Buyer beware! Buying "treatment" on the Net
- Category: Personal Commentary
- Published: Friday, 15 July 2011 13:44
- Written by Lisa Wilder
As a person who stutterers, there is nothing wrong with keeping your mind open to different treatments, even if they are not mainstream. But at the same time, we must remember to keep critical faculties intact. When someone tells us they might “cure” our problems, it is easy to lose sight of reality. We are often desperate for help for our stuttering, and are vulnerable to scams that might promise to rid us of our stuttering but succeed only to separate us from our money. Here are some things to ask when trying to gauge the credibility of a product or publication that you might find on the internet or elsewhere.
A dubious website
We issued a warning about this website in an early article, Kill Your Stutter (see image at right), which is part of a serious of sites offering dubious cures for different ailments. The website claims to sell a taperecording that will stop stuttering in under 10 minutes. The cost is $67. By coincidence, to sue in small claims court in Ontario requires a fee of $60, and the owner probably counts on people not bothering to sue him when the "remedy" does not work. This is an example of a highly dubious "treatment" and you are advised to not throw your money away on this so-called cure.
So is it ever okay to purchase treatment, be it a book or tape, over the web? First of all, if the author/creator is represented by a legitimate publisher or representative that is well established and widely recognized, you are probably safe – buy the product if it interests you and you can afford it. It will probably at least be an interesting read. However, many materials on the web are just copyrighted by the writer and do not have a publisher. They should still be sold in accordance with basic marketing principles and standards. Consider these queries:
- Is there a reasonably detailed biography and photo of the author/creator?
If details seem sketchy, be wary – someone who is trying to sell something legitimate will give you as much information or more than you need to make a decision on your purchase. A credible author will back up the product with his or her own reputation and should include a photo.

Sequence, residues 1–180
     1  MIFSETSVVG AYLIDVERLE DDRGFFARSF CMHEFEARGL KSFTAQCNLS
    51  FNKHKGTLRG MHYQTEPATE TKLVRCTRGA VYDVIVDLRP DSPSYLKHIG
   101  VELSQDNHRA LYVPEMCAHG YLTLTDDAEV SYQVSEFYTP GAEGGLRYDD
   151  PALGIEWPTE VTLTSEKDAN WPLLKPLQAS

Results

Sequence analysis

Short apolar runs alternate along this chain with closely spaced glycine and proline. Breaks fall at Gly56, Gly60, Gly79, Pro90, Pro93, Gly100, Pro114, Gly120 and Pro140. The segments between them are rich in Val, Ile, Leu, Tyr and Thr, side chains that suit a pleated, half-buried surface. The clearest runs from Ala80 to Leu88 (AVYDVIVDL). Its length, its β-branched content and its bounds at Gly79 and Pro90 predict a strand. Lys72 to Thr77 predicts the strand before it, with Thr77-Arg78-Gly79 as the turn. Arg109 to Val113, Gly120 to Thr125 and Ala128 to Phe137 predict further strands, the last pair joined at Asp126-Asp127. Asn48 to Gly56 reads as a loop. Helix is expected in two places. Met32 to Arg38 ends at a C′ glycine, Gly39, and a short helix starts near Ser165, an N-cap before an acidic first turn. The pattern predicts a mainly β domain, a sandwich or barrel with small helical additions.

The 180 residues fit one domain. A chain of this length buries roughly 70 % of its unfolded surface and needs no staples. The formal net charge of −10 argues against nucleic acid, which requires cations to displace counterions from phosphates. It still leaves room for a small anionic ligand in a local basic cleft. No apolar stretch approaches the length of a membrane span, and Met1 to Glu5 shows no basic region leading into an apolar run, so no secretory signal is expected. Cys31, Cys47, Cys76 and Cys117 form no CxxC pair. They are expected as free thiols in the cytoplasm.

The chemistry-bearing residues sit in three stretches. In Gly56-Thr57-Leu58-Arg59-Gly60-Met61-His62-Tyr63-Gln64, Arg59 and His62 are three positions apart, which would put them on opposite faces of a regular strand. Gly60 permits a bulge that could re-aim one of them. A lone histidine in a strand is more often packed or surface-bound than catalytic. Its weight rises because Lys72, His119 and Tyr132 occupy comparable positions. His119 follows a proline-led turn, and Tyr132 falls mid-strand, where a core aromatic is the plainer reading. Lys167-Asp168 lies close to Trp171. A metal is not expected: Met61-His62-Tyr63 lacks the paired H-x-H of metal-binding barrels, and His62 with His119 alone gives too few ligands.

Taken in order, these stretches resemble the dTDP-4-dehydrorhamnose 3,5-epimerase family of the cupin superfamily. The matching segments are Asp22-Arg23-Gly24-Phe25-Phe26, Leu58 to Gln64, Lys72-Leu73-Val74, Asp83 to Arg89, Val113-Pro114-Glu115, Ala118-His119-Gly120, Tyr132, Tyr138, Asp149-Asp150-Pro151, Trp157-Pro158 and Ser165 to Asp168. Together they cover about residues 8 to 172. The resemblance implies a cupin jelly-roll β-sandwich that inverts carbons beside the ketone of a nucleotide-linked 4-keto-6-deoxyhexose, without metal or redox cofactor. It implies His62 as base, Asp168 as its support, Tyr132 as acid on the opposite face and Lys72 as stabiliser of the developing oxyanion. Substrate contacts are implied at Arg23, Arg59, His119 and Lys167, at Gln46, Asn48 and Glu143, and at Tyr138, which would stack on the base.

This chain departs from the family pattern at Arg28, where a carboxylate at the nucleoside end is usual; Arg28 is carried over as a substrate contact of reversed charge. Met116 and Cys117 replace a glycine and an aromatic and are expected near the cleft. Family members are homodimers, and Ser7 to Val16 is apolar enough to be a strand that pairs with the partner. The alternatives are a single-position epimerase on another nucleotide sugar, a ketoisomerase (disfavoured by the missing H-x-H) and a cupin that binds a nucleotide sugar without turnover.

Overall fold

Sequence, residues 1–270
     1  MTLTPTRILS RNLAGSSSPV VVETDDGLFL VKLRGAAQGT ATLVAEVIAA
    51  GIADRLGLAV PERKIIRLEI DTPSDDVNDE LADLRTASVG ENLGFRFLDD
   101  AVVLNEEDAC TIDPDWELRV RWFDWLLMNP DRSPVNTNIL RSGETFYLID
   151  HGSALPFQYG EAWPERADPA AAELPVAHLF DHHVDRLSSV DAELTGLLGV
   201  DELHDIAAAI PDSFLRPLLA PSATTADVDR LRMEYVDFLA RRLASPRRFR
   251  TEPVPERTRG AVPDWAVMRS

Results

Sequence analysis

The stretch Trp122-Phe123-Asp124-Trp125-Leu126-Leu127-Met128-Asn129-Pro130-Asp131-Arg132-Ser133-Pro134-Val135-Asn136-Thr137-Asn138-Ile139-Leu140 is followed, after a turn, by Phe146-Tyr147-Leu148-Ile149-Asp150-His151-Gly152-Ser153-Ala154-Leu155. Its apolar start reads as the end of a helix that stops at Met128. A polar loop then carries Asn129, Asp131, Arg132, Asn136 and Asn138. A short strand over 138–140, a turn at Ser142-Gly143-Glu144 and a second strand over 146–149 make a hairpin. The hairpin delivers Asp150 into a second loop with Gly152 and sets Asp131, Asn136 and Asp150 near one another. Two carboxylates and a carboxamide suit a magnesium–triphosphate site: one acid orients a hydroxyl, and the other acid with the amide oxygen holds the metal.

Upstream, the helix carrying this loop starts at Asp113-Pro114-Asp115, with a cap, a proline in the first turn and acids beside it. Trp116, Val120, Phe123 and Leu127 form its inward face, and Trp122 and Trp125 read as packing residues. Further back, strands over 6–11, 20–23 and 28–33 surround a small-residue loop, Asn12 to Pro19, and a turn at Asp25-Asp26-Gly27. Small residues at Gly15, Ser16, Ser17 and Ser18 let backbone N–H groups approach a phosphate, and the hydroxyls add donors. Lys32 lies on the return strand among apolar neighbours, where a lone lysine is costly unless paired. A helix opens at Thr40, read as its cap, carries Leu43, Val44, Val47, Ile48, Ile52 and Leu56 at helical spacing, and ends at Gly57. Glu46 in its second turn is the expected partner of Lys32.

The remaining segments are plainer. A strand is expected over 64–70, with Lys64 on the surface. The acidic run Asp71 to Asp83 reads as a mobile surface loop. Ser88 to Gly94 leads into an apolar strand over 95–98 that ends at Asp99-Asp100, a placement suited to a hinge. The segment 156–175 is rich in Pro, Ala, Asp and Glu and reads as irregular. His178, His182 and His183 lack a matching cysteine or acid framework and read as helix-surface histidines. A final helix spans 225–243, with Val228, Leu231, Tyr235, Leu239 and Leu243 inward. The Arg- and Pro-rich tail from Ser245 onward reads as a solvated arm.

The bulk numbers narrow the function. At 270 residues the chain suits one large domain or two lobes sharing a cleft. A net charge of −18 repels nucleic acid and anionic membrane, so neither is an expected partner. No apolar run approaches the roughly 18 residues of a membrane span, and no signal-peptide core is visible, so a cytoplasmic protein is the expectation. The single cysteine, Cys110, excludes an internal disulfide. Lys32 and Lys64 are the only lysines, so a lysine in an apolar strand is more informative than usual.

- Is there a way to contact him/her, even if it is through an agent?
Any legitimate author of any credibility is interested in feedback from readers and will provide an email or snail mail address. You should be able to ask questions about the product before buying. An honest seller will be happy to engage in informative dialogue with a potential buyer.
- Is the author mentioned on other sources, e.g. the National Stuttering Association website?
Anyone offering credible speech therapy or any form of worthwhile treatment would be at least mentioned or presented on the NSA conference lecture circuit or some other website that addresses up-to-date information about stuttering, such as Stuttertalk.
- Does the author say that traditional therapy doesn’t work?
If the product is legitimate, the author should not have to put down other treatment methods in order to sell it to you, or lie and say other therapies can’t help you.
- Does the product try to sell other books or materials ?
If you have already paid for something and it starts to sound like a mail order catalogue trying to get you to buy even more stuff, don’t send good money after bad.
- Does the site give testimonials?
Nothing promotes a product or service like the positive promotion of a satisfied customer.
If the product marketing passes this test, and you can afford the product, it might be interesting to purchase. Remember that research shows that the best place to put your money with regards to treatment of stuttering is to visit a registered speech-language pathologist. Trying something different may be interesting too, but remember - BUYER BEWARE!